Hi, everyone! Welcome to the first installment of Next American City’s urbanist book club. I’m very much looking forward to discussing Alexandra Lange’s Writing About Architecture: Mastering the Language of Buildings and Cities you over the next few days.
My immediate reaction to the book was to wish that we could disassemble each chapter separately. But the plan for this book club, insofar, is one blog post per book. While I hope that the comments will spawn a concentrated discussion of each chapter, I’m going to use this space to address the book in total.
Overall, I was quite delighted with Writing About Architecture. I’m a sucker for critical essays as it is, and some of those that Lange chose to pull apart have long been favorites of mine. Some, like Herbert Muschamp’s “The Miracle in Bilbao,” were new to me, and I enjoyed reading them not in a vacuum but with an immediately subsequent deconstruction.
My favorite chapter was the fourth, “Monuments.” I enjoyed Charles Moore’s “You Have to Pay for the Public Life,” and thought this comment by Lange was widely applicable: “The future of the monument is in harnessing the qualities that do seem to matter to people in their everyday lives and in seeking inspiration in the built environment that had previously been seen as the periphery” (p. 115). Was there a particular chapter — that is to say, pairing of critical essay and Lange’s commentary — that you liked or disliked? Was there an essay you liked, but commentary you disagreed with, or vice versa?
The most significant fault I could find with Writing About Architecture was that it reinforced the canon of architecture and design critics. While referring to the masters — Mumford, Olmsted, Jacobs — does seem necessary from an instructional point of view, I wonder what kind of space there is for new voices. I appreciate Lange’s inclusion of female critics (for instance, I was thrilled to see the book open with reference to Ada Louise Huxtable), but did feel that the opinions were largely those of people who were inculcated into the ivory tower. Did you think the canonical works that Lange chose to include were appropriate, or was there a voice you think was grievously omitted? Are there names of any architecture critics that you think we’ll be talking about a la Lange within the next decade or so?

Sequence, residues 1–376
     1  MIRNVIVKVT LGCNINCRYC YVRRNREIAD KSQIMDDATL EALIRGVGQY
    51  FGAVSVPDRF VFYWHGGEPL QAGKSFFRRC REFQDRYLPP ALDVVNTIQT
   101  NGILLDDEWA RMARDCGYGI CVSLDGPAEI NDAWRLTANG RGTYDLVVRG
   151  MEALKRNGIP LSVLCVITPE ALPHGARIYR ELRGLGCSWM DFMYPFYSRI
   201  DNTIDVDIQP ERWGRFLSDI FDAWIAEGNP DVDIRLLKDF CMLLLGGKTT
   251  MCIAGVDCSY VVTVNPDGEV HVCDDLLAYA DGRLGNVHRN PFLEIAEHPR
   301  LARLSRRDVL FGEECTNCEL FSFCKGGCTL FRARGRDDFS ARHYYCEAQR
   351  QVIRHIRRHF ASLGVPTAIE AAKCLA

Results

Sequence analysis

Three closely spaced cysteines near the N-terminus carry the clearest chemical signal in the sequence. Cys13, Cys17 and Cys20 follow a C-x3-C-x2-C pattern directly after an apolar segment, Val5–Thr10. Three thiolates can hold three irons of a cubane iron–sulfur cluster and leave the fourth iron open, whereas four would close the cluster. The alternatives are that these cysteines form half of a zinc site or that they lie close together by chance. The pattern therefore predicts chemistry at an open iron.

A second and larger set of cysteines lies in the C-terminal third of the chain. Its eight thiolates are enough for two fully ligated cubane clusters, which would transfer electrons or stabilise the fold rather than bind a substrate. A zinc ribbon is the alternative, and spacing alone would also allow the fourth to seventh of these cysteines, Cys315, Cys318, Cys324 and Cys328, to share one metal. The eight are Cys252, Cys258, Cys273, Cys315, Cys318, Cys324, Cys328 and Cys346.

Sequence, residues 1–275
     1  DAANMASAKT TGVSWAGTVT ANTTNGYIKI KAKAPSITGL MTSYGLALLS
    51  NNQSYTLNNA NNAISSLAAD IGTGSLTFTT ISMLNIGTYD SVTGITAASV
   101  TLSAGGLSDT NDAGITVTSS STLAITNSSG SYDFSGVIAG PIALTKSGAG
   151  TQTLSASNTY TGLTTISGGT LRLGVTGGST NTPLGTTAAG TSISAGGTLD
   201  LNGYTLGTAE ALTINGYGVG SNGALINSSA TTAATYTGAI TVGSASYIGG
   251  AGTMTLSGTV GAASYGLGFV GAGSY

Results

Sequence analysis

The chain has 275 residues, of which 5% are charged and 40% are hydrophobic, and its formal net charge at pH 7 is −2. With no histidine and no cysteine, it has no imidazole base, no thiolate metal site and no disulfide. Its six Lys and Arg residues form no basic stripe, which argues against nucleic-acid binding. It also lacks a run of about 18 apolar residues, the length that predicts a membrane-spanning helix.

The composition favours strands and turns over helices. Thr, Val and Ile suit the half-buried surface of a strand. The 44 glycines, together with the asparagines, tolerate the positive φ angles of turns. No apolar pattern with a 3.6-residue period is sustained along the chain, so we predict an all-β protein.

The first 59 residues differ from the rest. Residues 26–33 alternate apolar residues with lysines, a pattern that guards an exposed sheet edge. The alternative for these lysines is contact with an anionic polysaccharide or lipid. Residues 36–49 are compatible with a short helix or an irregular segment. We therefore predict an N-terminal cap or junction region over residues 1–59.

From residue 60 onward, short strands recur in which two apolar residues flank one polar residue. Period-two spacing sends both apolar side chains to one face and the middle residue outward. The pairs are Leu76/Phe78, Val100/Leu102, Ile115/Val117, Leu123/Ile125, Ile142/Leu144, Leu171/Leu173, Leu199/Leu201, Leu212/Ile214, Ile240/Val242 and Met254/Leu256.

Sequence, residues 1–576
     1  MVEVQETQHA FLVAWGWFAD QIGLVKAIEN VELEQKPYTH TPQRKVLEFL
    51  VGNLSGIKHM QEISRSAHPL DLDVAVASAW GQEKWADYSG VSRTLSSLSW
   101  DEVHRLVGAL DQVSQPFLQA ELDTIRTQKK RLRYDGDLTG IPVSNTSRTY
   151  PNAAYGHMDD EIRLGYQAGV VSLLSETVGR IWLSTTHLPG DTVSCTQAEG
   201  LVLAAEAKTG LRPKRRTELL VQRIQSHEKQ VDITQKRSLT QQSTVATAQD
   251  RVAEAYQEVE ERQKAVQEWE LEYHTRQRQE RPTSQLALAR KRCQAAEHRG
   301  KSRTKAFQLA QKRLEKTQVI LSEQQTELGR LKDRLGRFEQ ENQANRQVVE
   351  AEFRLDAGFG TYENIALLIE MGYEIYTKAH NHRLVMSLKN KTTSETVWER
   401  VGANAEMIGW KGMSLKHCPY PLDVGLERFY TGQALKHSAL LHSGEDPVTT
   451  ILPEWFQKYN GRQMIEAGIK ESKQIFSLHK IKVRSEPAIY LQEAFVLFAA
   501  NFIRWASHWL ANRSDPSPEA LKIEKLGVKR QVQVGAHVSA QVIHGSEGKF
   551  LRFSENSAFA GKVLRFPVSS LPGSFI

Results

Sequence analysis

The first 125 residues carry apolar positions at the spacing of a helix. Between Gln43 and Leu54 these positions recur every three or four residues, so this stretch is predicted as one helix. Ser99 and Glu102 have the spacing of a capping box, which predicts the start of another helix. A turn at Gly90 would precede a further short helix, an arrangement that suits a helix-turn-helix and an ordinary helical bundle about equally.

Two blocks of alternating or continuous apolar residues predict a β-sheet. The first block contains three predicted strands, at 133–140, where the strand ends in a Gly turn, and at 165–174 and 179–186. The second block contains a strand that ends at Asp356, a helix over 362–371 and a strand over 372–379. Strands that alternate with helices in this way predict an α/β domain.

Additionally, though all of the critical essays in Writing About Architecture are about ostensibly public spaces — Southern California, the Whitney Museum of Art, Jacobs’ Greenwich Village — how public are those spaces, really? Walking down the street in Greenwich Village as a visitor is much different than walking as a resident. And access to the Whitney, for example, costs $12, which is enough to discourage at least some people from going to it. Does access matter, or should criticism be so transformative that readers don’t even need to visit the spaces that are being written about? (Moore takes a stab at the notion of “public” in his essay, which Lange considers on p. 112.)
Minus the questions at the end of each chapter, which felt a bit too elementary-school, I found the format of Writing About Architecture utilitarian in the best way. Lange’s responses to canonical criticisms were smart, succinct and easy to digest, and there are methodologies she imparts that I’ll try to remember for my own work, especially her explication of activist criticism’s role (p. 86). Did you take away any advice as a writer, reader, critic or otherwise?
Lastly, what do you think are the predominant responsibilities of an architecture critic — to truthfully describe something, to transport the reader to a place, to make an argument or advocate for a certain position (as in Michael Sorkin’s “Save the Whitney”), to dismantle the popular notion of something as monolithic as a monument or a park, all of the above or something else? Would you want to be one yourself? If so, what would you want to write about?
Leave your own thoughts, questions, musings and considerations of Writing About Architecture in the comments. Talk to each other! I’ll jump in too, of course. And if you’d like to share your feelings on Twitter, I’m @alexbaca.